Zimbabwe’s vice president this week ordered the sacking of 16,000 nurses who had gone on strike. The nurses and rights groups have condemned the move and are calling for better conditions in the country's hospitals.
"Government has decided in the interest of patients and of saving lives to discharge all the striking nurses with immediate effect." That was the statement signed by Zimbabwean Vice President Constantino Chiwenga. With this he announced the sacking of 16,000 nurses who were striking over wages and working conditions in the health sector.
Chiwenga, who made this statement on Zimbabwe's 38th independence anniversary, went on to accuse the nurses of striking for politically motivated reasons.
The Zimbabwe Nurses Association issued a statement saying that they had taken note of Chiwenga's order, but that the striking nurses had not yet received any letters from their direct employer, the Health Services Board.
"We really feel short changed by our minister. All that nurses are asking is that the hospitals should be equipped with modern equipment, to have resources to use in the hospital. Nurses are asking for a risk allowance, which is reasonable," argued Enock Dongo from the nurses association. The association also noted that the vice president had, in response to the strike, promised to transfer over $17 million (€14 million) to the Ministry of Health. This money would, however, only cover salaries and allowances that had not been paid since 2010.
Rights groups and trade unions outraged
The announcement caused widespread outrage from unions, worker's associations and Zimbabwean human rights groups and activists. On Wednesday, activists placed petition boxes in public spaces on the streets of the capital Harare.
The Zimbabwe Lawyers for Human Rights and the Zimbabwe Association of Doctors for Human Rights issued a joint statement condemning the government action, stating that every employee had the right to strike, as well as the right to satisfactory working conditions. They also pointed out that it was irresponsible of the government to employ inexperienced or retired nurses who may not be able to provide the required health services.
Whether the sacking of the 16,000 nurses was legal or not can only be determined by a court of law, points out Rosalyn Hanzi, who heads Zimbabwe Lawyers for Human Rights. "I think the main concern for us is how the government has handled this issue. If there was any breach at all by the nurses, whether they went through the right procedures or not, this should have been taken up by their employers, not by the executive," said Hanzi. "So the main concern is that the government is using the situation of the nurses as an example to prevent civil servants from going on strike, who now will be fearing that they can fire them at any time."
The Progressive Teachers Union of Zimbabwe told local journalists that the nurses had informed the government about their strike in advance and that they, the teachers' union, would not be intimidated by the treatment of the nurses. Similarly, the Zimbabwe Congress of Trade Unions, a trade union umbrella organization, condemned the vice president's order.
In the meantime, patients at Harare's Central Hospital complained that they had been unattended for hours. "We have not been attended, we are waiting for doctors to attend to us. There are no nurses. We are not happy at all, we want qualified nurses to return to work,” Barbra Ndove, a mother with a 16 month-old baby told DW.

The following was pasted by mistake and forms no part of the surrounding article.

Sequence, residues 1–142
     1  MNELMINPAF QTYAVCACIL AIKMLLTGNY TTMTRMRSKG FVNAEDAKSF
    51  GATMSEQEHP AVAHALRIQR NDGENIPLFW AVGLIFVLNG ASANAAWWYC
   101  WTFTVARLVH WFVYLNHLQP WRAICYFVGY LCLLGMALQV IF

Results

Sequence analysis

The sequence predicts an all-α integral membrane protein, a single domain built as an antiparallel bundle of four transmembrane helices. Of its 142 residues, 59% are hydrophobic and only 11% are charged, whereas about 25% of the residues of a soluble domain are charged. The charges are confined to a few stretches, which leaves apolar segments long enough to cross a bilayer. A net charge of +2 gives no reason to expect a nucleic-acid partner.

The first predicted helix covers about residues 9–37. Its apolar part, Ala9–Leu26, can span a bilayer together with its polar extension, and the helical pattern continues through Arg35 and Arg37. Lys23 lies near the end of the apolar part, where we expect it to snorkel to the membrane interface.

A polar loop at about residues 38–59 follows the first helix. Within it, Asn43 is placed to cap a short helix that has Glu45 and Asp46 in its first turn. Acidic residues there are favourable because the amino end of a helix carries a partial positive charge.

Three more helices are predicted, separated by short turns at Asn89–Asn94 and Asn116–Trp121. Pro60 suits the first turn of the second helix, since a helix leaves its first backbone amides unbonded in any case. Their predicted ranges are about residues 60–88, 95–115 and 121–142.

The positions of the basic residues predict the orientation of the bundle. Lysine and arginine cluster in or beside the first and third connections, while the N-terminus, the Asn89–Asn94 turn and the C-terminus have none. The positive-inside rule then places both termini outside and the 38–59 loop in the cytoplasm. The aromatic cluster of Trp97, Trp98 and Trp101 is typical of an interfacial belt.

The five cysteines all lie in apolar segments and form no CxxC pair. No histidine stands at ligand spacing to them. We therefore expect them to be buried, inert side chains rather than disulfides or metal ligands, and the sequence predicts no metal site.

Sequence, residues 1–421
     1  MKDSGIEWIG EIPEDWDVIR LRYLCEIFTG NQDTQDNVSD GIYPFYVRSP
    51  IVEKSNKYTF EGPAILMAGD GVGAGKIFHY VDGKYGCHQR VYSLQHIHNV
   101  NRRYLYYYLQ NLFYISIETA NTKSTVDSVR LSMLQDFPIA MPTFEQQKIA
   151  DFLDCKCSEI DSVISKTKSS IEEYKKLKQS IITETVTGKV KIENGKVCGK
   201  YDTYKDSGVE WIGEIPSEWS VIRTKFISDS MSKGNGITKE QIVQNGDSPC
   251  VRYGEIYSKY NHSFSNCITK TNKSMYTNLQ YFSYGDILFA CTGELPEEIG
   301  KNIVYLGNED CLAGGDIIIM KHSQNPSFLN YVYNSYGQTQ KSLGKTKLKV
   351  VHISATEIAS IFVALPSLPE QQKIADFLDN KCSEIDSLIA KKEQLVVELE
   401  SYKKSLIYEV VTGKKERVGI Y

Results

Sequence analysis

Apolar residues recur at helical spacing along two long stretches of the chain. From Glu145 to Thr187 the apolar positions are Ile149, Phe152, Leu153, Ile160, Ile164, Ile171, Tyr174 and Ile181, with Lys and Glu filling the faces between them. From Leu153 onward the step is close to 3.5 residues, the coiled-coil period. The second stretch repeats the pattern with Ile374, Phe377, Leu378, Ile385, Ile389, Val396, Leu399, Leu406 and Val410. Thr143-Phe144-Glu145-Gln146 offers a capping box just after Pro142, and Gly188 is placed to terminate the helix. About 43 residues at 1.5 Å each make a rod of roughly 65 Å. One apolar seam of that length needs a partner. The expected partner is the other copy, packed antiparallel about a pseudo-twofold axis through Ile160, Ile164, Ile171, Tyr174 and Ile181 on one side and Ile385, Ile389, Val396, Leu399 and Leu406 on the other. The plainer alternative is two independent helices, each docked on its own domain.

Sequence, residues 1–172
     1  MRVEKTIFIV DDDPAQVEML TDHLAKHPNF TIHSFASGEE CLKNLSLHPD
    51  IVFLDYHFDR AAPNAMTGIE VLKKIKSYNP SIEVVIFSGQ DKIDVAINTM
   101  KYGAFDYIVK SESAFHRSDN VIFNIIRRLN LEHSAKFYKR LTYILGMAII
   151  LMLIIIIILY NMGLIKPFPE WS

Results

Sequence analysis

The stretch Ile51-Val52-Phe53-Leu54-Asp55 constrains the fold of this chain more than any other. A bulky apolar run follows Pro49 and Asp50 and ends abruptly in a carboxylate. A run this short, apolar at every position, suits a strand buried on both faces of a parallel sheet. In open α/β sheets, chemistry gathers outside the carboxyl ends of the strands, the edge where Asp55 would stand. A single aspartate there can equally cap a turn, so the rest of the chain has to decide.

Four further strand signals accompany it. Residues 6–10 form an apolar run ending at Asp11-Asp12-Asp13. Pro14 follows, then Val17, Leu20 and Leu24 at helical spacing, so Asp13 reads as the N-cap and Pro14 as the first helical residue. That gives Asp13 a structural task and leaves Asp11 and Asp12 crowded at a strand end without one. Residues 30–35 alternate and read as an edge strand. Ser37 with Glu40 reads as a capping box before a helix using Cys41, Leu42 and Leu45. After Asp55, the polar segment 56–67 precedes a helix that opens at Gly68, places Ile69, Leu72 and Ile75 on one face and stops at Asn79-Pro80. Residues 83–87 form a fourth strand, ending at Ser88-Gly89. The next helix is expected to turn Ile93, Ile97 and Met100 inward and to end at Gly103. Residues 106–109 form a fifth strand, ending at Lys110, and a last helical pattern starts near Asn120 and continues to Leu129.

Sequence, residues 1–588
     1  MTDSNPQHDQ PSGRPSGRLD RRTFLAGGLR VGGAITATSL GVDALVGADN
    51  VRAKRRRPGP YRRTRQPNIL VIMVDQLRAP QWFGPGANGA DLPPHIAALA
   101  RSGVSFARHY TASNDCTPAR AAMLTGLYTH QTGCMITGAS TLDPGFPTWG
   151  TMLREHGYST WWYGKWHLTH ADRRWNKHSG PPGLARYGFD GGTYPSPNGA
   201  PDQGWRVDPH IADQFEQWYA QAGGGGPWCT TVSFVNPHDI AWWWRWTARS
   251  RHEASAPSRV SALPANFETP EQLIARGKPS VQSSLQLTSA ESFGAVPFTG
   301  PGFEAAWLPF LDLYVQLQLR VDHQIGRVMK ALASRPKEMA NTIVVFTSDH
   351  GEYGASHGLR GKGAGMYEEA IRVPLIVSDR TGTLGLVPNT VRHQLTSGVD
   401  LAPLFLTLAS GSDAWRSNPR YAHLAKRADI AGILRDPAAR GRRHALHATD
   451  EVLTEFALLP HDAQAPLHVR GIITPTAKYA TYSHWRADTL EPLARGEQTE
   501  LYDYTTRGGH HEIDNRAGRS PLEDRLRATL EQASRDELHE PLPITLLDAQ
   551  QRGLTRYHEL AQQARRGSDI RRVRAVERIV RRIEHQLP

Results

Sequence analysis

Tigere Agrippa, who went to the hospital with his 76-year-old father, complained that they had been waiting since early in the morning and that people were even being turned away. "The government is failing to pay the workers, they must pay the workers. That is the government's duty," he said.
According to Dongo from the nurses association, the lowest paid Zimbabwean nurse currently earns about $280 per month.
The grievances of the workers are genuine, in the view of Hanzi from the lawyers' association. Nurses work long hours and were not paid for months on end, she said. "For the nurses I think it's beyond the issue of salaries;" she said. "I think they're concerned about the general conditions in the hospital."
"For the vice president to say that the strike was politically motivated, I think he is just trying to see how he can shield this government from scrutiny and criticism," Hanzi added.
Zimbabwe's new guard with President Mnangagwa (c.) and his deputy Chiwenga (l.) are still testing the ground since their inauguration in November 2017
Stand-off in talks
Through its Twitter account, Zimbabwe's Ministry of Health called on nurses who are on leave to report to work immediately and retired nurses to send in their applications for the new openings.
Zimbabwe's minister of health, David Parirenyatwa, stated that the government was not planning to retract the sacking of the nurses. "Those who have been dismissed will need to re-apply if they want to come back to work," he said. "The ones who are on strike and re-apply, they will be taken. And the ones who are new, we will also absorb them. As you know, we were short of nurses anyway."
The nurses association has said that they would take the matter of the mass dismissal to court if the government does not budge in its stance.
Zimbabweans are due to go to the polls for general elections later this year. Since the ousting of former president Robert Mugabe, Zimbabwe has seen an opening up of political space and debate.
Columbus Mavhunga contributed to this report.